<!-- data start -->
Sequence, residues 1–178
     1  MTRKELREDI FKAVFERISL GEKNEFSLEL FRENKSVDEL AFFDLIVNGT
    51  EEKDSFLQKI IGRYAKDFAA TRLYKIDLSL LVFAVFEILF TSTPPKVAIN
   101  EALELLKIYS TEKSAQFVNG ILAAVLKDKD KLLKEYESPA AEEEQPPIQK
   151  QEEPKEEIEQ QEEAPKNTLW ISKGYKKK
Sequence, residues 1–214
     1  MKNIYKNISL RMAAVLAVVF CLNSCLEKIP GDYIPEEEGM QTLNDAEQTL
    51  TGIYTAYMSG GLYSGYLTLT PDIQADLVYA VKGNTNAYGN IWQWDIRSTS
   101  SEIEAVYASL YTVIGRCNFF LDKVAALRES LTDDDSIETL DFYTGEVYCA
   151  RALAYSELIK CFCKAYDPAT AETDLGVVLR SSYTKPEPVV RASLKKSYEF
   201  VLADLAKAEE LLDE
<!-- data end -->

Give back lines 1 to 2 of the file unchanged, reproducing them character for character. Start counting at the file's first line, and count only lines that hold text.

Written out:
Sequence, residues 1–178
     1  MTRKELREDI FKAVFERISL GEKNEFSLEL FRENKSVDEL AFFDLIVNGT